By Don Heckman
When Rick Braun asked me to write the liner notes for his new album a few months ago, I wasn’t sure what to say. I knew he was a fine jazz trumpeter with solid mainstream skills, despite the fact that he was best known as a high visibility performer in the smooth jazz genre. But the new album was taking him into the unexpected territory clearly defined in the album title, Rick Braun Sings With Strings.
“Okay, so what’s this,” I thought. “Rick Braun is traveling down Chet Baker Lane? Hmmm.”
But when I heard the first few tracks, none of which had any particular Baker references, I began to broaden my perspective. And I recalled how many of the trumpet players – from Louis Armstrong to Roy Eldridge, Dizzy Gillespie, Clark Terry, Jack Sheldon and beyond – had found common musical ground between their instrumental and their vocal musical interests.
Listening to more of the tracks, with their broad range of tunes, reaching from American Songbook classics to some fascinating French song entries chosen by album producer/arranger/pianist Phillipe Saisse, I was impressed. In part by the lush musical production and the appealing choice of material. But equally so by Braun’s warm, engaging singing.
To make a long story short – I was happy to write the liners.
And when I saw that Braun was performing selections from the album with a rhythm section and a string quartet at Vitello’s, I knew I had to hear the songs in a live setting.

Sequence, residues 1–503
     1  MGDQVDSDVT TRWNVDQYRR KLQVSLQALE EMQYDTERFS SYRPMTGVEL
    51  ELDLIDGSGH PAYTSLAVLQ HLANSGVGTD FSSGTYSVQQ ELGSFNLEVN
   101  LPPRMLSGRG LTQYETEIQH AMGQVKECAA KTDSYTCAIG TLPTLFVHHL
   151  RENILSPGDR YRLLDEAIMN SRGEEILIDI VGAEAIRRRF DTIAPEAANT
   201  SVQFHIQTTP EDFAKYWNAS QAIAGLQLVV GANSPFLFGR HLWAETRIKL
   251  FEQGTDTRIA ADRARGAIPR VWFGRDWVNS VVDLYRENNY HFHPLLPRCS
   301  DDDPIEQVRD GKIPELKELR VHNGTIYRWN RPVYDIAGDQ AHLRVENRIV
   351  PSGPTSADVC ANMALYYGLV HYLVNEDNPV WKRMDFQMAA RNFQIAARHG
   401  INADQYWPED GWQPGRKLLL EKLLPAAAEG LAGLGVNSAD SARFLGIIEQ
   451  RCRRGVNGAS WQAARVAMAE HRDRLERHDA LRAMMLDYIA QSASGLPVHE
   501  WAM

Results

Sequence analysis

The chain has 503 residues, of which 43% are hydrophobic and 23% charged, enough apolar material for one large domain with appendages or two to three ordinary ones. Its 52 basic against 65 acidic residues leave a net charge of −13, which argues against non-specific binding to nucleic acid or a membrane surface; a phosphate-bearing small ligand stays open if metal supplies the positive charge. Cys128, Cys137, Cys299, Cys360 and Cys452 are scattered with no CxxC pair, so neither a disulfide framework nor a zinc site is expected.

Interestingly, the smaller ensemble, while retaining the rich harmonic coloration of the album tracks, also created an attractively intimate musical environment. And Braun made the most of it.
Clearly impacted by the strong, balladry style founded by Frank Sinatra, he sang tunes such as “The Good Life” and “It’s Love” with solid musical assertiveness. On others – “I’ve Never Been In Love Before,” “Once Upon A Summer Time” and “I Thought About You” among them — he switched gears into more laid-back, story telling style. Between songs, his amiable, outgoing conversational manner added another attractive element to the evening.
Add to that Braun’s darkly lyrical flugel horn playing, the rich textures of a string quartet and the briskly swinging support of Saisse on piano, guitarist John Chiodini, bassist Reggie Hamilton and drummer Joe LaBarbera.
And the result was a rare and memorable display of what can happen when a first rate recording is good enough to go live.
Photo by Bob Barry.